Reprinted from Honest Reporting.
The head of the United Nations Relief and Works Agency (UNRWA) faced a grilling by members of the European Parliament on Wednesday after textbooks used in its Palestinian schools were found to peddle antisemitic tropes and contained incitements to violence.
The Committee on Foreign Affairs hearing was called following the long-awaited release in June of a report that found Palestinian Authority books used to educate youth included antisemitism; “glorified” terrorists convicted of killing Israelis; removed the Jewish state from images of maps; and had excised previously included references to Israeli-Palestinian peace agreements.
Philippe Lazzarini, the UNRWA’s Commissioner-General, admitted there were a “number of issues” that need to be addressed.
“We as UNRWA have identified three categories of problems in the textbooks when it comes to being in line with UN value[s],” he said, “which is age appropriateness, gender perception, and then the issues related to incitement to violence, discrimination, and so on.” Lazzarini added that these problems were found after reviewing some 150 books while more checks would be carried out on other texts.
The UNRWA is certainly no stranger to controversy when it comes to the problem of antisemitism in its schools, as well as the thorny issue of its relationship with US-designated terror group Hamas.
Just last month, HonestReporting revealed the agency was seemingly in breach of conditions attached to a $150 million funding windfall from the United States after refusing to dismiss a number of teachers who had used their social media accounts to spread anti-Jewish conspiracy theories and celebrate Palestinian-orchestrated terror attacks.
A US official had made it clear that the resumption of funding, which was cut under President Joe Biden’s predecessor Donald Trump, was dependent on the agency sticking to several “rock solid commitments” including a “zero tolerance for racism, discrimination and anti-Semitism.”
In June, UNRWA Deputy Commissioner Lenny Steinseth met with the leader of Hamas in the Gaza Strip, Yahya Al-Sinwar, who later revealed that Steinseth had thanked him and reportedly expressed solidarity with the terror group.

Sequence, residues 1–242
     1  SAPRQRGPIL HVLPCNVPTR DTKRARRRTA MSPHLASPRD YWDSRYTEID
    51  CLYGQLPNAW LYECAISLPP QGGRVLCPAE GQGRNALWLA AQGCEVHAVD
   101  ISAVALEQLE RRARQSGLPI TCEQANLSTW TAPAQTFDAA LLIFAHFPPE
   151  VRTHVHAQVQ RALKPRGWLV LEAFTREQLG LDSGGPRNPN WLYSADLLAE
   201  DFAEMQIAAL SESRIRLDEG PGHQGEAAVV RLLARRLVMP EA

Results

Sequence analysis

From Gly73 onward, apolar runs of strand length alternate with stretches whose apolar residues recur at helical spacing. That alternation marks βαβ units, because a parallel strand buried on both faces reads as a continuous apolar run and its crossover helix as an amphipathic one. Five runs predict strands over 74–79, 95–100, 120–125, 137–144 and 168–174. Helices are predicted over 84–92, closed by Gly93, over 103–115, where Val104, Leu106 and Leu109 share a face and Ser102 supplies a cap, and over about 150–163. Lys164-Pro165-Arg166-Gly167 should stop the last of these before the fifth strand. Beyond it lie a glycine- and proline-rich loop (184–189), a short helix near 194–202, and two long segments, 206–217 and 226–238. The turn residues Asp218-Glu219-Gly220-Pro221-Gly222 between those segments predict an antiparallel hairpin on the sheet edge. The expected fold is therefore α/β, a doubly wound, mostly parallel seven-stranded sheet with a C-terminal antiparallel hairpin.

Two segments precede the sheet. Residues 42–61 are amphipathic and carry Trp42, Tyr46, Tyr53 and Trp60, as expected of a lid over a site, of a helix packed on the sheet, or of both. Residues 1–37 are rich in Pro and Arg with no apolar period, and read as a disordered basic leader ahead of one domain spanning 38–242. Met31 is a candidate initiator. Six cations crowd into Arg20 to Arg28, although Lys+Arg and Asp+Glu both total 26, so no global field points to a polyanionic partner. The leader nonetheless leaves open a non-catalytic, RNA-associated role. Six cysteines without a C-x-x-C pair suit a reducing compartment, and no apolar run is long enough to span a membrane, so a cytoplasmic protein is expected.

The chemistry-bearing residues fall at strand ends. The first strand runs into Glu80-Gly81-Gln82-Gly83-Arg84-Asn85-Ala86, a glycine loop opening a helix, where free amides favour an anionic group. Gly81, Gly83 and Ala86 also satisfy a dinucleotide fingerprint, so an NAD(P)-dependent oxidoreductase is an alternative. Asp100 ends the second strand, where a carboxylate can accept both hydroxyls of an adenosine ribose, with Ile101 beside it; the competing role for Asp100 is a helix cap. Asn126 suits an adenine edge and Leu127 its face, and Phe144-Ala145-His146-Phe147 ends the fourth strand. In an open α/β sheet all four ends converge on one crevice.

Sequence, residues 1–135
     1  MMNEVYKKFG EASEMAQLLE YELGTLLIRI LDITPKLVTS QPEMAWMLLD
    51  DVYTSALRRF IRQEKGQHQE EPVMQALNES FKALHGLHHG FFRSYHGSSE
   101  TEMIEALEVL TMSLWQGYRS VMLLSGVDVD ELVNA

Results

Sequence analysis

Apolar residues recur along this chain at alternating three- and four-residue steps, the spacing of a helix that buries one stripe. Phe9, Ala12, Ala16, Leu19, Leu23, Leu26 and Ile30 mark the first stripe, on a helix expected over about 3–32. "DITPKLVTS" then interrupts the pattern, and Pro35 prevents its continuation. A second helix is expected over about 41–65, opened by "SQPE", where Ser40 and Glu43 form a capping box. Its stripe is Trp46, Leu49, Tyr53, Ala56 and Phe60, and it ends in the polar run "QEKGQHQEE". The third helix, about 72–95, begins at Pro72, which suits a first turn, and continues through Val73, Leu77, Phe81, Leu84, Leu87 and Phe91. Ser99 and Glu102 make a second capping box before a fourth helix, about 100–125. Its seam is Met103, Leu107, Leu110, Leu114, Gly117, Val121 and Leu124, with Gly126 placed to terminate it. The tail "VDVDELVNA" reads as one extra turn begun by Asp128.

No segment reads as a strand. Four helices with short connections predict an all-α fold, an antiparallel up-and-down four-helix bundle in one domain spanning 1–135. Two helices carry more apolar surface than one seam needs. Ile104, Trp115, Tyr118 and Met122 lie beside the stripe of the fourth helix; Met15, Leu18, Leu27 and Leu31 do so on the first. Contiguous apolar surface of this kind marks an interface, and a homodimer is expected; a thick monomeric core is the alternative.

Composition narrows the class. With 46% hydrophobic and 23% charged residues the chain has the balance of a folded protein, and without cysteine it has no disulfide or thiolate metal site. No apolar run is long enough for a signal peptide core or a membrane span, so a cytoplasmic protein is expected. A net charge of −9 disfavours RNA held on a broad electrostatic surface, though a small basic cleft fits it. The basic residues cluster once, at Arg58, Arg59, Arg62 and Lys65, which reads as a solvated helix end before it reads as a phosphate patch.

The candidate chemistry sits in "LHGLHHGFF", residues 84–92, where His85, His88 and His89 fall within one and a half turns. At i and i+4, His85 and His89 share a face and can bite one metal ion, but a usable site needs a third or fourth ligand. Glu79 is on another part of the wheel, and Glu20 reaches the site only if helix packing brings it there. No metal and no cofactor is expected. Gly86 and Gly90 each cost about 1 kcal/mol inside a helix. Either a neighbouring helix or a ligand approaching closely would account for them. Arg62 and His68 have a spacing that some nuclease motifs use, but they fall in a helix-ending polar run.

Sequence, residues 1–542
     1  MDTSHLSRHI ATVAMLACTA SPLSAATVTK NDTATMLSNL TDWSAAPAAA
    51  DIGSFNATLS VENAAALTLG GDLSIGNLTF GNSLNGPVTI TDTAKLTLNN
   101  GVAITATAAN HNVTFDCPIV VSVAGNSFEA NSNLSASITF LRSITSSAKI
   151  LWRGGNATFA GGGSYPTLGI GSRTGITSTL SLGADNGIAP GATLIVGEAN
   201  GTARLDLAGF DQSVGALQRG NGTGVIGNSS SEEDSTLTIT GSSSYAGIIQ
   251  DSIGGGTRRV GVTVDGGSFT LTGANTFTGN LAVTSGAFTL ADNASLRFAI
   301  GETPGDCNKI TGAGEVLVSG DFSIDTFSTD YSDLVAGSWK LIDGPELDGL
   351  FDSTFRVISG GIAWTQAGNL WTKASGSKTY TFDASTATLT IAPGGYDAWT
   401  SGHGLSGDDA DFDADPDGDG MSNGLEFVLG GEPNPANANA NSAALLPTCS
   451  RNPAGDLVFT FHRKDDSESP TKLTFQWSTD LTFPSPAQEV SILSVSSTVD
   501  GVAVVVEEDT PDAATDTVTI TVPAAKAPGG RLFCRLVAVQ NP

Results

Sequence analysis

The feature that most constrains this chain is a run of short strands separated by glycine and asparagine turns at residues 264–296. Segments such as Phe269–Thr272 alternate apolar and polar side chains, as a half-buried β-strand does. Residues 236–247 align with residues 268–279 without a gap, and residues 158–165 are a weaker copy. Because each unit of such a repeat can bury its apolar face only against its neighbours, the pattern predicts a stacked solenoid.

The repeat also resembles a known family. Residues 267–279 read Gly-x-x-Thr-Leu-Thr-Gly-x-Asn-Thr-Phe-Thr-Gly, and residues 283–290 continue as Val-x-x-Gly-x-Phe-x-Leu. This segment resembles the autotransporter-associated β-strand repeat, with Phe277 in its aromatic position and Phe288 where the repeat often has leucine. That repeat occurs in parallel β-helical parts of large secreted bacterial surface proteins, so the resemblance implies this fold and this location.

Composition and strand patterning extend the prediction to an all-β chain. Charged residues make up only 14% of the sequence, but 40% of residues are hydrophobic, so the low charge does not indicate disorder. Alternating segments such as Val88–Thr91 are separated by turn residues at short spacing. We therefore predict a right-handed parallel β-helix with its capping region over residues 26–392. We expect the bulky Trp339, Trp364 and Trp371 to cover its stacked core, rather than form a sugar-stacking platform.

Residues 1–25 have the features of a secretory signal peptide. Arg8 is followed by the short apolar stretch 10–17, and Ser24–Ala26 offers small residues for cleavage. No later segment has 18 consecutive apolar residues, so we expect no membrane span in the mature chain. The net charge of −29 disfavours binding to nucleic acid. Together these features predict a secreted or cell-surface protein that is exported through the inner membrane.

This, despite the fact the UNRWA has repeatedly found evidence of Hamas digging tunnels that are used to store rockets and launch attacks on Israel underneath its schools.
During the Lazzarini hearing, Spanish lawmaker Jose Ramon Bauza Diaz stressed how severe it would be if the “money of European taxpayers” was being used for the “encouragement of terrorism”; this, before asking Lazzarini whether he could ensure that the UNRWA “has not contributed to promote objectives which are contrary to those of the United Nations and the EU.”
A fair question, but one that perhaps the European Parliament should also be asking itself as the directly elected legislative arm of the European Union.
For example, data collated by the Jerusalem-based NGO Monitor shows the EU has doled out vast sums of money to groups that promoted terrorism, have links to proscribed organizations, and, in one case, even employed a terrorist recruiter.
According to the watchdog, between 2018 and this year the European Union handed out nearly $350,000 to Al-Haq – a group that has ties to the Popular Front for the Liberation of Palestine (PFLP), which the EU and various Western countries has designated a terrorist organization for its waves of aircraft hijackings, shootings and bombings that have targeted Israelis and Jews around the world.
Al-Haq’s loathsome history does not stop there: the group also participated in the 2001 Durban World Conference in which, among other disgraceful displays of antisemitism, flyers were handed out bearing an image of Adolf Hitler and the text, “What if I had won? The good thing – there would be no Israel.”
Al-Haq’s General Director, Shawan Jabarin, was in 1985 convicted for his role in arranging training for PFLP members and, as recently as 2017, asserted that Palestinian terrorists and their families have a “right” to receive “salaries” under the PA’s “Pay-for-Slay” policy.
Geneva-based NGO, Defense for Children International – Palestine (DCPI), has also received grants that come from the European Union in the form of funding from the European Instrument for Democracy and Human Rights and the European Neighbourhood Instrument. Between 2017 and 2019, the two bodies reportedly gave some $1.15 million and $825,000, respectively, to the DCI-P despite the fact that previous members of its board were involved in PFLP activities.
NGO Monitor states the people included:
- Shawan Jabarin, the Al-Haq General Director, who was a board member between 2005 and 2009
- Mahmoud Jiddah, a board member from 2012 to 2016, who was jailed in Israel for 17 over his involvement in grenade attacks against Israeli civilians in Jerusalem in 1968
- Hassan Abed Jawad, a board member from 2012 to 2018, was killed while involved in a riot that saw Molotov cocktails and stones thrown
- Mary Rock, a board member between 2014 and 2018, who was a PFLP candidate for the Palestinian Legislative Council in the 2006 elections
Unfortunately, these are but a couple of NGOs the EU has lavished funds on that have been linked to Palestinian terror groups. The political bloc has allegedly provided 32 grants to such organizations.
The European Parliament is quite right to quiz the UNRWA about its shortcomings with regard to stamping out antisemitism and terror-glorification in its Palestinian schools.
However, it may also be wise to reconsider similar contributions that are approved almost exactly where Lazzarini was held to account.
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I don't necessarily endorse all content from this site but it's always good to get different perspectives. https://honestreporting.com/whiff-of-hypocrisy-as-eu-parliament-grills-unrwa-head-over-antisemitic-textbooks-in-palestinian-schools/